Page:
Originally posted by Treb Gatte over on the Project Administration Blog. I’m reposting it here to make sure everyone sees it:
The Project Server 2010 Business Intelligence feature utilizes the support of Excel Services, Secure Store Service, PerformancePoint Services and SQL Server. A thorough understanding of how these features fit together is necessary to get the most from the feature. This post will provide that overview and provide troubleshooting questions for common issues.
Our Business Intelligence features leverage Excel Services as the base functionality since most people use Excel to visualize data and it’s a tool that many people already know how to use.
There are four core components to this solution.
Excel client. The Excel Client is used to author and publish new reports. This solution will work with Excel 2007 SP2 or later.
Office Data Connections. Office Data Connections(ODC) are used to store the connection information, the SQL Query and the Secure Store Target Application ID. External ODCs are used to allow you to manage data connection and query information externally to the reports that consume the data. These two components together are the deliverables from the report author.
When you provision a new Project Web Application site or when you create a new OLAP database, ODCs and attached templates will be automatically generated in the Business Intelligence Center.
Excel Services. Excel Services provides rendering and interactivity support on the web. This service enables the user to share reports easily with others. It also enables a user to filter the data in a report dynamically to meet a particular need.
Secure Store. Secure Store is a SharePoint service used to store credentials in a Target Application Profile. These profiles help avoid double hop authentication situations and provide control around who has access to what data for a given Target Application Profile. In SharePoint Server 2007, this service was known as Single Sign-On service or SSO.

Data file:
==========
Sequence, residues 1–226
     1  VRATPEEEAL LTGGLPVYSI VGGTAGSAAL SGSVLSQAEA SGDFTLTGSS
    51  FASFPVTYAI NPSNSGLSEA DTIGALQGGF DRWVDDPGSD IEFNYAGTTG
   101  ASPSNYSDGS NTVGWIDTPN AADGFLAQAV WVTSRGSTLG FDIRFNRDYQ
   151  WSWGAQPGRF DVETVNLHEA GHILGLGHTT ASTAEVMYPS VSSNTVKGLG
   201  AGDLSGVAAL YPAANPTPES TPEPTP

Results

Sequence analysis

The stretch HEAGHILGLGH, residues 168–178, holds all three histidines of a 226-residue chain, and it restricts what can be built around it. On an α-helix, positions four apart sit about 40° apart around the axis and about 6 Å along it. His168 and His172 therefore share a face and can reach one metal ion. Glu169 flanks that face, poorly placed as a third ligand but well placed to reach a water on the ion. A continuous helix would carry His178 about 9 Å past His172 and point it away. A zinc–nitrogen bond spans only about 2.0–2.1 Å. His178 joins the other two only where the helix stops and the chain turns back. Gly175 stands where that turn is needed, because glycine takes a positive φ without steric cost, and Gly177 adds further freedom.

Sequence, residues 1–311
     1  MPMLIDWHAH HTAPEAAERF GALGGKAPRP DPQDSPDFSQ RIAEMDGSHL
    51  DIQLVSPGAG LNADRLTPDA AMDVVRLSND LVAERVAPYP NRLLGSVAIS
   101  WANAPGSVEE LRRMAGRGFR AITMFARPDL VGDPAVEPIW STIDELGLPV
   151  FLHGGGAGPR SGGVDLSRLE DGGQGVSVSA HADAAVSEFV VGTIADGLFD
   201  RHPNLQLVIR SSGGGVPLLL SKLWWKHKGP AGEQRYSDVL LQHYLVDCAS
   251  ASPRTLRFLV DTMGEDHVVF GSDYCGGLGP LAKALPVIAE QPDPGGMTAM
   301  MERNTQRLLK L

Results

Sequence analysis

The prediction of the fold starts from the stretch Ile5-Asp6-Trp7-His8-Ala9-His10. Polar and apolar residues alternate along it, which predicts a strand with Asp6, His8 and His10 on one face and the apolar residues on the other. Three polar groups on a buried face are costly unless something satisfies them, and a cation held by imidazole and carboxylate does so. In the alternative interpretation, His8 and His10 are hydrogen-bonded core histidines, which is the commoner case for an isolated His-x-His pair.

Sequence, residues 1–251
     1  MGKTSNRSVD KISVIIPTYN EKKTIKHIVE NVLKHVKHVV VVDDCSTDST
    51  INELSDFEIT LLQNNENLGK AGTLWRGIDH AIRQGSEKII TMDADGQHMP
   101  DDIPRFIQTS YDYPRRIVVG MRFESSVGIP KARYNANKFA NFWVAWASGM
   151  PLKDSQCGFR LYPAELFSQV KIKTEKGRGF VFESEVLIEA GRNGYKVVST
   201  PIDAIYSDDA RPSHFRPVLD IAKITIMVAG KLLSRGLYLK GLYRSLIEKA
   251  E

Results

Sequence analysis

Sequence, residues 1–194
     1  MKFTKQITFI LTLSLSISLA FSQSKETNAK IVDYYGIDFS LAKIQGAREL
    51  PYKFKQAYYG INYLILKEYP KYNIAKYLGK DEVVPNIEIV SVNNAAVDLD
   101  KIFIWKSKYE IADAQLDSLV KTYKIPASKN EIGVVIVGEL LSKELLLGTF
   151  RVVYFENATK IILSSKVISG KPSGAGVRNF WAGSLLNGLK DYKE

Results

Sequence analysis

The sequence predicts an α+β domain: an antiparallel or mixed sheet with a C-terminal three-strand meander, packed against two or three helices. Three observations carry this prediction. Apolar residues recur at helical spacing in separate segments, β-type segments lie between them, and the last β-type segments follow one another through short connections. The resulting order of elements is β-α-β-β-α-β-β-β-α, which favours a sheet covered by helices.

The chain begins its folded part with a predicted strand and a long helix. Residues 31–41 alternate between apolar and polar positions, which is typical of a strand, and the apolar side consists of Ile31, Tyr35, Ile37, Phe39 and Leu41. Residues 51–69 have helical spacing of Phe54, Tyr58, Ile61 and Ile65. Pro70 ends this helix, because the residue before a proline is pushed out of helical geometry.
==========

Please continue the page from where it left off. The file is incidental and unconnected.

The diagram above illustrates the interactions between the four components. The arrows denote what information is passed between the components and in what direction.
Lastly, PerformancePoint is called out above as it is used to create the Business Intelligence Center as it is their service that provides this infrastructure. It isn’t used for the core reporting features. However, you can easily develop PerformancePoint reports over Project Server data.
The setup steps for the Business Intelligence features can be found here. http://technet.microsoft.com/en-us/library/ee662106(office.14).aspx
Please note, if you are using Active Directory(AD), you can set up a AD Group for Report Authors such that you only have to create one SQL Login for the group. The membership of the group is then maintained outside of SQL Server.
Also, you must set up a SQL Login with db_datareader rights for the credentials used in the Secure Store Target Application ID. If you have created the AD group for the authors above and it matches the security needed to service reports, you can simply add the Target Application ID credentials to the Report Author’s AD group instead of creating a new SQL Login.
This can be due to a number of reasons. Here is a list of items to verify. The steps to do each of these items are listed in the setup link above.